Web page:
- Common problems with the Ford Escape include exterior door handle sticking, clunking noise from the rear end, automatic transmission oil leak, and whistling noise from the door mirrors.
- The repair for sticky door handles involves cleaning up all parts and refitting the handle to the door.
- A noticeable clunk from the rear end can be fixed by replacing both rear shocks at once.
- An automatic transmission oil leak is caused by a faulty seal at the left-hand half shaft and can be repaired by replacing the seal or the half shaft.
- Whistling noise from door mirrors is caused by a missing or insufficient foam block inside the mirror mounting, which can be replaced or reseated.
- Fuel sloshing noise at low speeds can be solved by replacing the fuel tank straps and fasteners.
Conclusions To 2o13 Ford Escape Problems
In this article, we learned a lot about the 2013 Ford Escape problems. We found out that although this crossover is plagued by issues, it’s still not a good car to purchase. Since these issues appear rarely and don’t affect all of the 2013 models. It is also quite normal that some cars have a bigger failure rate than others.
And after going through all of the owner reports we concluded that it’s better to shortlist this model. We made this conclusion based on the owner’s input and some of these issues have prevailed. But that doesn’t mean that the Ford Escape is a bad car to buy. You can do your own research and decide if it’s worth it or not.
Before buying a used car, you should inspect it thoroughly and be sure that most of these issues are resolved, and you will be good to go.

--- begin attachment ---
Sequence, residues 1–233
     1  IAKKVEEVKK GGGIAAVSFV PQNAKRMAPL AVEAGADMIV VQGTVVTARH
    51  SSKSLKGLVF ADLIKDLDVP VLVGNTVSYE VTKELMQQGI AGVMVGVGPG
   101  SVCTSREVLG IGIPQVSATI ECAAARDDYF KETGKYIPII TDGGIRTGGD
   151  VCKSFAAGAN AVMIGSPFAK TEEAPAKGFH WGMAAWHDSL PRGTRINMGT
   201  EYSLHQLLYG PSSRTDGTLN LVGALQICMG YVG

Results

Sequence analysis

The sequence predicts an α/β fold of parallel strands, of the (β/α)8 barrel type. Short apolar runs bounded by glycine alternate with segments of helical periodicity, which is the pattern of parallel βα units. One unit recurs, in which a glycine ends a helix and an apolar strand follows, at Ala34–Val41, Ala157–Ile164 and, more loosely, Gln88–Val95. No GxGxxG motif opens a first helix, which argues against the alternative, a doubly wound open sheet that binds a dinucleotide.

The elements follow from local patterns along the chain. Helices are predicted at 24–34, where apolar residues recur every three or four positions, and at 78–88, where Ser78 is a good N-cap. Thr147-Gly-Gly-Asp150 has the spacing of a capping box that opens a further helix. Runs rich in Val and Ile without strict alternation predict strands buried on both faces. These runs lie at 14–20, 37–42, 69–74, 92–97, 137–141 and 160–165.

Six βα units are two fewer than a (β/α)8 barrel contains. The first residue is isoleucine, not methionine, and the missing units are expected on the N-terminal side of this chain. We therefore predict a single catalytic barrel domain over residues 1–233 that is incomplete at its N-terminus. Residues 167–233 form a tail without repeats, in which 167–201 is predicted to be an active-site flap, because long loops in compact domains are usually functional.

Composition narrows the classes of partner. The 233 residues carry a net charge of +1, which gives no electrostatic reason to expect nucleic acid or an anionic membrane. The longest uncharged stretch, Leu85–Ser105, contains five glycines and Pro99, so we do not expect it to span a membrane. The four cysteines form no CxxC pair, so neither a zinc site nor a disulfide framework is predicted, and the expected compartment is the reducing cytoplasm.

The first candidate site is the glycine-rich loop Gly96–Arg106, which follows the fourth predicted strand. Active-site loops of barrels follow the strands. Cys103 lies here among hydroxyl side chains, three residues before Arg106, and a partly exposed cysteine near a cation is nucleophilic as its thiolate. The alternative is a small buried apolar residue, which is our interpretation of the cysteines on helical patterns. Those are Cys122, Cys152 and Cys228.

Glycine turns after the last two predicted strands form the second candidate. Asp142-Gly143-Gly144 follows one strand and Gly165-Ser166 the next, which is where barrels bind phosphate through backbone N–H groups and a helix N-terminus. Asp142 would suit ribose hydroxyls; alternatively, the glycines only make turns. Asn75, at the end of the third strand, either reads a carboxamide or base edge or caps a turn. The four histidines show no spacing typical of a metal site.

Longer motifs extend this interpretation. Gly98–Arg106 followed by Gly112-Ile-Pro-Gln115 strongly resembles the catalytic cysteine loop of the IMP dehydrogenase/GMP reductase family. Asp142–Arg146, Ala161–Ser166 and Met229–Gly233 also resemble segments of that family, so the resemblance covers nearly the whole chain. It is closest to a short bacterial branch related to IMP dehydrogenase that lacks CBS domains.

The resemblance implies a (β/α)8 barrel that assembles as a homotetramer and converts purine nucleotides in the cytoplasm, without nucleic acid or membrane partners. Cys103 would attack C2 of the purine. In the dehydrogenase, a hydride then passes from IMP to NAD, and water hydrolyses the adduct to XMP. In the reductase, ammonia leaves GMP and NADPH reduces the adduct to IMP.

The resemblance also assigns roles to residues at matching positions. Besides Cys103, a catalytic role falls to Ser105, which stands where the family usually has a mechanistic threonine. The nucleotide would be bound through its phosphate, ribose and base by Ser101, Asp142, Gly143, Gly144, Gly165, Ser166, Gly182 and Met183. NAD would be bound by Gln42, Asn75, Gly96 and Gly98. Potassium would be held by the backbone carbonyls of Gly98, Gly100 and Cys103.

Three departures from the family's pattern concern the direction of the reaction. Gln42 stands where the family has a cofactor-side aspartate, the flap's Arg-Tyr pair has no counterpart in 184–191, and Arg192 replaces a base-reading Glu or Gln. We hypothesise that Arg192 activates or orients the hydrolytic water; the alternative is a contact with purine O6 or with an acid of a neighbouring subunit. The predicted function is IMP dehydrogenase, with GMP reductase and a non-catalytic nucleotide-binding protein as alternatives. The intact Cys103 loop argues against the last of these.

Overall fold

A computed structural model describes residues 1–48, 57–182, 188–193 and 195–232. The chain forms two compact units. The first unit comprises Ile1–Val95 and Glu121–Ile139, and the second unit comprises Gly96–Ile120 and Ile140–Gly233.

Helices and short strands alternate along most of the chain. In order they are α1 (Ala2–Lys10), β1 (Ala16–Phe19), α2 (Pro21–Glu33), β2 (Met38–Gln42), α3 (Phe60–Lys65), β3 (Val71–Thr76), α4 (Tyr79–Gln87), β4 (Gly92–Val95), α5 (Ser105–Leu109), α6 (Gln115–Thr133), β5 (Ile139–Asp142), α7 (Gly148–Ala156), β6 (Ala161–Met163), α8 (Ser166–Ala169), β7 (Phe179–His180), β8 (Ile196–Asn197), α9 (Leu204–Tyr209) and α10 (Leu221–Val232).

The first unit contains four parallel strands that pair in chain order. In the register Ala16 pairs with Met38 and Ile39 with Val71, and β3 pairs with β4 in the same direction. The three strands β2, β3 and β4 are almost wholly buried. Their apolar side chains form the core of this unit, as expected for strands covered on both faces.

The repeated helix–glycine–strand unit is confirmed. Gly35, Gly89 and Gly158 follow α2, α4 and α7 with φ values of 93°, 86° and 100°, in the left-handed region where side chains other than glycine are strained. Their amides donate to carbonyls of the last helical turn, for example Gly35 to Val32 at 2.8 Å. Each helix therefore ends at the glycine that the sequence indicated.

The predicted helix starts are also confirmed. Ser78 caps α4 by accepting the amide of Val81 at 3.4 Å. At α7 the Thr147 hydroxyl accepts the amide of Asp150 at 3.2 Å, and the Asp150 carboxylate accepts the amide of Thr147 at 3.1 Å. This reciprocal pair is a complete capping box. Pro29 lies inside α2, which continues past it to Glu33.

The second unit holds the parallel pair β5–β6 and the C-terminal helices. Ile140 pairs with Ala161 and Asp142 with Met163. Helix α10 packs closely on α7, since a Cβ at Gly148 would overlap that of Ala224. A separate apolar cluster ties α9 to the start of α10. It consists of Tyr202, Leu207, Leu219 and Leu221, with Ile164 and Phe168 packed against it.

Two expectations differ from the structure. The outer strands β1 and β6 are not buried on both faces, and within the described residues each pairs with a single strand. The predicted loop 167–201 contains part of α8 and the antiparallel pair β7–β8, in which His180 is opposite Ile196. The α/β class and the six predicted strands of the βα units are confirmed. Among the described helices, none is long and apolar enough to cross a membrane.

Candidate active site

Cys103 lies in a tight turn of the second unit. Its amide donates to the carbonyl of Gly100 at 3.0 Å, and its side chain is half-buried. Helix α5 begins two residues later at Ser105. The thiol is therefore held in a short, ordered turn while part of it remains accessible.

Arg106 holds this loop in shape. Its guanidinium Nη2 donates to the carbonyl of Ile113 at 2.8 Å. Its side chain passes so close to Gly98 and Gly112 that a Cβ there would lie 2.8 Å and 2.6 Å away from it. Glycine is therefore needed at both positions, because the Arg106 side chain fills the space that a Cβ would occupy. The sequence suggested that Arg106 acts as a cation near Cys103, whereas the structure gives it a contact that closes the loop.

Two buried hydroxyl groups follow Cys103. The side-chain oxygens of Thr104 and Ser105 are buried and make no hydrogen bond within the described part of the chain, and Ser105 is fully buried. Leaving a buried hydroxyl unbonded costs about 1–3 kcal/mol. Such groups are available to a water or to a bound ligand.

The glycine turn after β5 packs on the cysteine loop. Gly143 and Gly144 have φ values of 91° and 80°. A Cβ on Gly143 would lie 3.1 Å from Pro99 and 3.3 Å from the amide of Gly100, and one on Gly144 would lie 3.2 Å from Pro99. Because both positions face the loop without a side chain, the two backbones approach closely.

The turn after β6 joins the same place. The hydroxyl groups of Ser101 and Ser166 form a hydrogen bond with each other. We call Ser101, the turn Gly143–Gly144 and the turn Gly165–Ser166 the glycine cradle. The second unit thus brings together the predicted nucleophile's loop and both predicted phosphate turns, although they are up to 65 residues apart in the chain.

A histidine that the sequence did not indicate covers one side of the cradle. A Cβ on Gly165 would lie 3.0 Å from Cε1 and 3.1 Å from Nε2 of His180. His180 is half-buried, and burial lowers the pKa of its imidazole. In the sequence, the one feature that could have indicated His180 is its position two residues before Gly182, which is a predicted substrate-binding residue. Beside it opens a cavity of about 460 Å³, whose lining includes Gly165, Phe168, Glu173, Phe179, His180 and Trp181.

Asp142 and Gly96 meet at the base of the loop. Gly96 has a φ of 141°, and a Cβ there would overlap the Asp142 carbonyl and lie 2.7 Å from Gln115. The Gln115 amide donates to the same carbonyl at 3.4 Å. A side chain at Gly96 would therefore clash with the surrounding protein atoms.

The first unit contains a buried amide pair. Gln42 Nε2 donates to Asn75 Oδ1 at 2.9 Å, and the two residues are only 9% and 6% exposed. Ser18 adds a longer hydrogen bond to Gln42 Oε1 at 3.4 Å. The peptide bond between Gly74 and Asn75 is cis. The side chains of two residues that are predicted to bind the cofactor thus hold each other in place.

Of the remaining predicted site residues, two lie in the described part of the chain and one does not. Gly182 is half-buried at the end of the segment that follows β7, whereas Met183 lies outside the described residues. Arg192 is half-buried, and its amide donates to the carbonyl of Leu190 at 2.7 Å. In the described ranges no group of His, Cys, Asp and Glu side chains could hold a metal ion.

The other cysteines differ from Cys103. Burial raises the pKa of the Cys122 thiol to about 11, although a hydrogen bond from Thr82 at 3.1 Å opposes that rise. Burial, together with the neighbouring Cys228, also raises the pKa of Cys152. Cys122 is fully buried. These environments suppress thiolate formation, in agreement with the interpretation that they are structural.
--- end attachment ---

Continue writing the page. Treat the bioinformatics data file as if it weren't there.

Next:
FAQs On 2013 Ford Escape Problems
If you’re still curious to learn more about 2013 Ford Escape problems, our FAQs here might help…
What Does EcoBoost Mean
EcoBoost can be thought of as a combination of the words, ‘Economical’ and ‘Boost’. This is rather fitting, as EcoBoost engines were designed to output a healthy amount of horsepower and torque (hence, Boost). Yet, offers greater fuel economy (thus, Economical) at the same time. EcoBoost engines have become Ford’s staple powertrain across much of their line-up. Around the world, models like the Fiesta, Focus, Escape, F-150, Expedition, Edge, and even the Mustang feature EcoBoost engines. At its core, all EcoBoost engines are turbocharged gasoline motors, paired with a direct injection design. First unveiled in 2009, EcoBoost engines can be found in numerous different configurations as well as displacements. The tiniest EcoBoost engines are just 1.0-liters in displacement, while larger ones are no bigger than 3.5-liters.
Are Ford Escape Good Cars